Calf pain can take many forms, from a dull ache to severe cramping. It can also have many causes, some unrelated to the calf area completely. However, calf pain should never be ignored. Sometimes, it can be a sign of serious problems. If you are experiencing calf pains, see a doctor.
After exercise or overexerting the calves or legs, you may experience stiffness, cramping, or a sharp pain in one or both calves. This may be a result of a muscle strain or even tear. See a doctor to make sure the muscle heals properly.
Unexplained calf pain at any time may be a result of a sleep disorder you may not even be aware you have. Especially if you experience calf cramping at night, see a doctor and get a correct diagnosis.
Calf pain, even if it is not accompanied by the same kind of pain elsewhere, may be a sign of a chronic pain disorder. Unfortunately, chronic pain disorders like fibromyalgia and arthritis tend to be under-diagnosed.
Some calf pain is associated with nerve disorders. Conditions like diabetic neurotherapy, peripheral neurotherapy, and multiple sclerosis (MS) may all cause calf pain.
A very common cause of calf pain is poor circulation. Varicose veins in the calf, while not necessarily dangerous, can ache all day and night. Sudden calf pain can be a sign of arterial insufficiency. This means that the arteries can't supply the calf with enough blood. Sometimes, this means you may have atherosclerosis, or hardening of the arteries, which needs close monitoring and sometimes medication. Venous insufficiency is the opposite of arterial insufficiency, and means that blood has trouble leaving the calf. This can include conditions like deep vein thrombosis (DVT), which can be very serious if the clot breaks away from the calf and travels elsewhere.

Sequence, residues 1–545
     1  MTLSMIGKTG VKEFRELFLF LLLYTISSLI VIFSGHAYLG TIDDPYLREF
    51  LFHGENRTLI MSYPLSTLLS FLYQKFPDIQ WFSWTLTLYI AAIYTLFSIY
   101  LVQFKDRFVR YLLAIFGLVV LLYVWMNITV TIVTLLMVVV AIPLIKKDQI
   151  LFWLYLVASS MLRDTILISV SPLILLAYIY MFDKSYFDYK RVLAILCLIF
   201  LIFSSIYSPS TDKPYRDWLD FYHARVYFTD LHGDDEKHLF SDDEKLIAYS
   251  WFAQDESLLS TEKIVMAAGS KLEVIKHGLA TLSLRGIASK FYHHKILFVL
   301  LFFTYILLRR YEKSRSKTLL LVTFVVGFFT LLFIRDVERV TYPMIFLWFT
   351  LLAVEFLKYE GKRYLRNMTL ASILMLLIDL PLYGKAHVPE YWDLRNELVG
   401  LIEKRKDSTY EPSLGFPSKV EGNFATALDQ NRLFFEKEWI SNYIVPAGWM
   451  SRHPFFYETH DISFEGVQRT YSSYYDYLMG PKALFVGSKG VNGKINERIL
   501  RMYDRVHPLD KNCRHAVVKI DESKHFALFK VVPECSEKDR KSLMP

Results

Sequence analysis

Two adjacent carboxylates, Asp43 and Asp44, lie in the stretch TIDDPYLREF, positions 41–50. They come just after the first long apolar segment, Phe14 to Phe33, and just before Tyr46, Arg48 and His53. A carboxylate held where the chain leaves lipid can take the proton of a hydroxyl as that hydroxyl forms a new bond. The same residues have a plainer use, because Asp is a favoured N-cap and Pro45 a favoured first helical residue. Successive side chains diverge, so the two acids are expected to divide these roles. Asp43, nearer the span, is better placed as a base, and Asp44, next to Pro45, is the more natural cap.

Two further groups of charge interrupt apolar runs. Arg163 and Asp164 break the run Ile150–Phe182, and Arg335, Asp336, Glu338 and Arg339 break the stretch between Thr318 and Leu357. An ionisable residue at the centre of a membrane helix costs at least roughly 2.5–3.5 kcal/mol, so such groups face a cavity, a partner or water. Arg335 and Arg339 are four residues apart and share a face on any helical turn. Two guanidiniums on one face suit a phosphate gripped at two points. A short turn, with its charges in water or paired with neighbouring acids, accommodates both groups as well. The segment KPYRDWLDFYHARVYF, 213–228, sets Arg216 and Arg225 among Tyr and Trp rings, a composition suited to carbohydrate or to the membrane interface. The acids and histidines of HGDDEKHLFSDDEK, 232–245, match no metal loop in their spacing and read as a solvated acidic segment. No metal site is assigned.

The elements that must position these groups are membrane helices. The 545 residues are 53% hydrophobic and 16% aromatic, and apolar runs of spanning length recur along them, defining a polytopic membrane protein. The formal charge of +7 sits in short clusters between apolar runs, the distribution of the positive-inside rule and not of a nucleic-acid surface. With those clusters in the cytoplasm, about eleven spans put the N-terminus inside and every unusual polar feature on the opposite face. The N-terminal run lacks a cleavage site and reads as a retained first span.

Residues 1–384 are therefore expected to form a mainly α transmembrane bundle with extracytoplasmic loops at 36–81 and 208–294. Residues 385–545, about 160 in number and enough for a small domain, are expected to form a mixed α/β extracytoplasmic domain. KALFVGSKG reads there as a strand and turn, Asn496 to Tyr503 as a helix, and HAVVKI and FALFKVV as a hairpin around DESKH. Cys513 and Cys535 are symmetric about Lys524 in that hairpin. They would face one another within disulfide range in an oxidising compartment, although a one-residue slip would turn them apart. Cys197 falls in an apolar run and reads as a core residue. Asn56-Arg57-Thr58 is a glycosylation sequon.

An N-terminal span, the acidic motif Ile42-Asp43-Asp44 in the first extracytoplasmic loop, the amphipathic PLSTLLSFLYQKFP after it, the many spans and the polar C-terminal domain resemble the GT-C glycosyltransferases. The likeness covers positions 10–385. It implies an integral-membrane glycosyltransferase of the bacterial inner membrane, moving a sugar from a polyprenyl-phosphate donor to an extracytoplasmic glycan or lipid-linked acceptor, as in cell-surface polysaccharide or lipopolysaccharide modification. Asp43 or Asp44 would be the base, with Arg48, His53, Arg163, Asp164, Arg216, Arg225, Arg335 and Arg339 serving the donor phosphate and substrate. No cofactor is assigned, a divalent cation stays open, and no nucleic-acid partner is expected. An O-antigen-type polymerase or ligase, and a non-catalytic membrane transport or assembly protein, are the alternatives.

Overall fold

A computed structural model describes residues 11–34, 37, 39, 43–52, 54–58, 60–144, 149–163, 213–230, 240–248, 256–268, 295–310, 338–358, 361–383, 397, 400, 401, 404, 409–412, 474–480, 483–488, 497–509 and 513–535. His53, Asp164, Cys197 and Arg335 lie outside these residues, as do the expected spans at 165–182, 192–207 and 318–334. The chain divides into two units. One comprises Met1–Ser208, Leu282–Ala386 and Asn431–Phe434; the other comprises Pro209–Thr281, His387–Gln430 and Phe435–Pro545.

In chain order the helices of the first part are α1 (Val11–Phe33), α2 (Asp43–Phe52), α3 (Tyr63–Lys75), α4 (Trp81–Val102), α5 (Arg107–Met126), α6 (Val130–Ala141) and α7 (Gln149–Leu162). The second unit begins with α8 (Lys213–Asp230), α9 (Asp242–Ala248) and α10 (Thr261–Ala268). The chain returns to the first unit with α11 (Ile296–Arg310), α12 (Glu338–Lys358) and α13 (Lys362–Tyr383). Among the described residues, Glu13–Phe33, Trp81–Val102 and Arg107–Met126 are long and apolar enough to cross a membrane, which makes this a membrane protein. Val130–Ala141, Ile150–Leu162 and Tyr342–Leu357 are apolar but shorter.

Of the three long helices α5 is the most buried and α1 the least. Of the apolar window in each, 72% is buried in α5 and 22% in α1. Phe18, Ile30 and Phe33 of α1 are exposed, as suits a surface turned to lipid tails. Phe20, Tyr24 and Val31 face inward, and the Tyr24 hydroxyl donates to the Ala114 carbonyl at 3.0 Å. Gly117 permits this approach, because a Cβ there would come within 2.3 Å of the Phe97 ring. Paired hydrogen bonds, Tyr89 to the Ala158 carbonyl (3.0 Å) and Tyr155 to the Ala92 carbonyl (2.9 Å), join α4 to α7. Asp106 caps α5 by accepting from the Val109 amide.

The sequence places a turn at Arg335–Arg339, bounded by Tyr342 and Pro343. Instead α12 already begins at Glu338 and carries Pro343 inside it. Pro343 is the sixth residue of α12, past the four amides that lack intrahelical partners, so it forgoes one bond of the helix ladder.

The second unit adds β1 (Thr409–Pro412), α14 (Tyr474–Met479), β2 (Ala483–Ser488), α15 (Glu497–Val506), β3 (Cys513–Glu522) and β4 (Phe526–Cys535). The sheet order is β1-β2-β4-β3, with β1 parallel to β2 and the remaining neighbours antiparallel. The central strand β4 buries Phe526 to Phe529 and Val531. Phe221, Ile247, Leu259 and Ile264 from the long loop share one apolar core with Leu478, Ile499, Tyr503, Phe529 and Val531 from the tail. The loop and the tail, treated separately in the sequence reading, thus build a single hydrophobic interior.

At the Doctor
When you visit the doctor for calf pain, he will probably perform a physical exam first so that he can get a better sense of why you might be experiencing pain. He may then perform more diagnostic tests. Try to explain as best as possible where your pain is and what it feels like. The doctor may ask you how long you've been experiencing the pain, if the pain worsens with activity or movement, and if you've recently hurt or overexerted yourself.